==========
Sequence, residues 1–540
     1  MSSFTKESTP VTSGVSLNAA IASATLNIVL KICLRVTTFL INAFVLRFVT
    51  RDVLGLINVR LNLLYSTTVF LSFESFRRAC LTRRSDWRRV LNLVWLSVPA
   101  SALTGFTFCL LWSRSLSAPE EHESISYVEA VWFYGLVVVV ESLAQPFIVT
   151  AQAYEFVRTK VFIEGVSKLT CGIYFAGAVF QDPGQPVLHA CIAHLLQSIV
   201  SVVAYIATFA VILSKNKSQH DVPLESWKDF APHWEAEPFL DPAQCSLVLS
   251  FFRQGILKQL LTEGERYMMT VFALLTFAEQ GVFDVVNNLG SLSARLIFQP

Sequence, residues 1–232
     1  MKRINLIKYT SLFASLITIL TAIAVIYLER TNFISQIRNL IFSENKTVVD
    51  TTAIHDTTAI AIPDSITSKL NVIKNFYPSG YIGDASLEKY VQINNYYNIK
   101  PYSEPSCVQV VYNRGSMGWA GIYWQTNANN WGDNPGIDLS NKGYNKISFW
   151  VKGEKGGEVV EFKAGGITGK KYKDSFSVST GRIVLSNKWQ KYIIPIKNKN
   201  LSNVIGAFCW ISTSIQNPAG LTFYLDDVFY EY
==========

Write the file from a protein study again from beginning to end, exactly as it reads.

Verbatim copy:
Sequence, residues 1–540
     1  MSSFTKESTP VTSGVSLNAA IASATLNIVL KICLRVTTFL INAFVLRFVT
    51  RDVLGLINVR LNLLYSTTVF LSFESFRRAC LTRRSDWRRV LNLVWLSVPA
   101  SALTGFTFCL LWSRSLSAPE EHESISYVEA VWFYGLVVVV ESLAQPFIVT
   151  AQAYEFVRTK VFIEGVSKLT CGIYFAGAVF QDPGQPVLHA CIAHLLQSIV
   201  SVVAYIATFA VILSKNKSQH DVPLESWKDF APHWEAEPFL DPAQCSLVLS
   251  FFRQGILKQL LTEGERYMMT VFALLTFAEQ GVFDVVNNLG SLSARLIFQP

Sequence, residues 1–232
     1  MKRINLIKYT SLFASLITIL TAIAVIYLER TNFISQIRNL IFSENKTVVD
    51  TTAIHDTTAI AIPDSITSKL NVIKNFYPSG YIGDASLEKY VQINNYYNIK
   101  PYSEPSCVQV VYNRGSMGWA GIYWQTNANN WGDNPGIDLS NKGYNKISFW
   151  VKGEKGGEVV EFKAGGITGK KYKDSFSVST GRIVLSNKWQ KYIIPIKNKN
   201  LSNVIGAFCW ISTSIQNPAG LTFYLDDVFY EY